I just returned from almost a month in England, Northern Ireland, Wales, and Iceland. My primary reason was to present at the Greenbelt Festival, but since I was there, why not visit friends and share my performance art weirdness with others. I love Greenbelt because they “get me.” My humor is both ridiculous and subtle, a mix that works well in the UK. Also, I find the audience is well informed about history, current affairs, and the Bible.

In addition to Greenbelt I spent time in Belfast, Newcastle, Liverpool, London, Wakefield, Birmingham, and Reykjavik. Here are some of my favorite photos from the trip.

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Greenbelt Festival 2015. When it was still dry.

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One of my favorite events–a demonstration about how to use dandelion in all kinds of foods.

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Greenbelt Festival 2015 after the rain.

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On a hill walk outside of Newcastle, Northern Ireland.

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Early morning in recently renovated Liverpool City Centre

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At Conwy Castle in Wales with the REAL LIFE Timothy Meadows.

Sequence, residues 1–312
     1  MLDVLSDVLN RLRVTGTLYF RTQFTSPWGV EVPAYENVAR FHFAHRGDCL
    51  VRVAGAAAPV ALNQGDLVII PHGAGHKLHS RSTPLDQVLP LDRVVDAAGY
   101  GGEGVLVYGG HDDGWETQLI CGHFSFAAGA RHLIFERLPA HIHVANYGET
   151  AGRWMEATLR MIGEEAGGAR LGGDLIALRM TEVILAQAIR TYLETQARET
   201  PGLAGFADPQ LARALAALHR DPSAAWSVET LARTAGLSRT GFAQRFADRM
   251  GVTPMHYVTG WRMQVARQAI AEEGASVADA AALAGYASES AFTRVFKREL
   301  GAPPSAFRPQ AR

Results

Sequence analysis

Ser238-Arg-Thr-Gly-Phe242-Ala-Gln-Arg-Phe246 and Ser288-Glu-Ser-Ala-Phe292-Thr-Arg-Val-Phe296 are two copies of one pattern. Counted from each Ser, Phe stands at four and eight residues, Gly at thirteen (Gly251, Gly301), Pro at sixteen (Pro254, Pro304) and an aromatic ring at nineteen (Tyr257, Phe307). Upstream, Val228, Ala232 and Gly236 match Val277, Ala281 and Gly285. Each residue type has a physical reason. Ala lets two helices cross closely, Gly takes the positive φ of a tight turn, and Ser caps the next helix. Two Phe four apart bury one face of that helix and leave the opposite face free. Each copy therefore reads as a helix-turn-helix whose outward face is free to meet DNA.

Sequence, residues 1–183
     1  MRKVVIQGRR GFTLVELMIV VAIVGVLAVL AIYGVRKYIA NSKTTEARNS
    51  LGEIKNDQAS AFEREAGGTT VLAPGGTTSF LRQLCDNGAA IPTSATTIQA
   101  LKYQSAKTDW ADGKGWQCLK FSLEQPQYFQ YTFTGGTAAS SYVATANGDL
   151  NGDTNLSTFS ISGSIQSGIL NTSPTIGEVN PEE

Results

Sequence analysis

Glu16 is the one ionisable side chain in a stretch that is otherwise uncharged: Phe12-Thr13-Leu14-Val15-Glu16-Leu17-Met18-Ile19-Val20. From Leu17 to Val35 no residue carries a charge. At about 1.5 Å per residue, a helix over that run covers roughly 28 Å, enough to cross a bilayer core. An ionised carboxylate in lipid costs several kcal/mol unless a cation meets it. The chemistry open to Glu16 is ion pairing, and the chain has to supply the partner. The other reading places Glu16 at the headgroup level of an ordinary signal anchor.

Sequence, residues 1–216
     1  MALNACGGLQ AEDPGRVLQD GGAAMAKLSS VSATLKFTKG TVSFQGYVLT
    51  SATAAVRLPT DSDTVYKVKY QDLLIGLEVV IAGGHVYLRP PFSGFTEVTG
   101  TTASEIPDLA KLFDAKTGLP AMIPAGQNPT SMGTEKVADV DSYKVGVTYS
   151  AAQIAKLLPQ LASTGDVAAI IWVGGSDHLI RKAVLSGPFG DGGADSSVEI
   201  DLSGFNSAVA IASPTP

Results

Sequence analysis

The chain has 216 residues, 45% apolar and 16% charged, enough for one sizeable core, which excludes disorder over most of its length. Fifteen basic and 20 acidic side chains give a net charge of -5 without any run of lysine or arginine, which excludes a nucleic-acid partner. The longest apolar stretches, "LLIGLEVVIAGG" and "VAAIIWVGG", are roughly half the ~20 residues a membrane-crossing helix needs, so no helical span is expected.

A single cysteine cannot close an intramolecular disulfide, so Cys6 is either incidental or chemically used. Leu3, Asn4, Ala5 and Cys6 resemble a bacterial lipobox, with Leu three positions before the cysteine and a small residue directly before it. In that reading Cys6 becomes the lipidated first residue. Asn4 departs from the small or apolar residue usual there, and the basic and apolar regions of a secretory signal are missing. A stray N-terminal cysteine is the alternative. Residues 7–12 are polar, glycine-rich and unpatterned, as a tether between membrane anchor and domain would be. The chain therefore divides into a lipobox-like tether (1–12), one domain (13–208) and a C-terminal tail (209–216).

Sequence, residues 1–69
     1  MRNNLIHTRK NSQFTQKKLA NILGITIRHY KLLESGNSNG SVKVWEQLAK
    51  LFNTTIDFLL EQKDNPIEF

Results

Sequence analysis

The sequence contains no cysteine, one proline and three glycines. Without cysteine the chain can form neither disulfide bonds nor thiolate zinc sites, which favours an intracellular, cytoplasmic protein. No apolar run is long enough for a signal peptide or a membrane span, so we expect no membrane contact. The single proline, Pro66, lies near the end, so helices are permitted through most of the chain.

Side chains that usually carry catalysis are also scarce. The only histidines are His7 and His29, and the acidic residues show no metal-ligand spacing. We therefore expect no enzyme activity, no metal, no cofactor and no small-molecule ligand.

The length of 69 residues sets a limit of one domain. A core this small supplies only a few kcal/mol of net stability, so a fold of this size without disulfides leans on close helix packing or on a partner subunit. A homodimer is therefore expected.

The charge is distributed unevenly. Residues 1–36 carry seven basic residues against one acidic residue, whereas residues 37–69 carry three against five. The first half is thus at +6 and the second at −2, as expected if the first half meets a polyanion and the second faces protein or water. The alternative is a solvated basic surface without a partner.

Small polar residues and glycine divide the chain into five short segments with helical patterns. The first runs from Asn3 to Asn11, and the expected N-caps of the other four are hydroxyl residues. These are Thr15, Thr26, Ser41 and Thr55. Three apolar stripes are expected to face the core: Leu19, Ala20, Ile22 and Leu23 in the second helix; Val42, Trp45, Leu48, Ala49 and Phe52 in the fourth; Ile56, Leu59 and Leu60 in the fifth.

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View from Conwy Castle. It may have been the best day of the year in Northern Wales.

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Harbor in Conwy, Wales

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Canal near Olympic Park, London.

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Cats know I don’t like them, therefore they love me. This is a London Cat.

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With Canadian friends at London Museum of Science.

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The recently renovated Kings Cross Station

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Shoe collection for refugees at rally in Wakefield, England

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Rally in Wakefield

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People turn up to show support for refugees coming to the UK

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Poppy sculture at the Yorkshire Sculpture Park

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Lovely walk with Jo and family at Yorkshire Sculpture Park

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Surreal landscape of Iceland

Where the ancient Vikings would meet for their assembly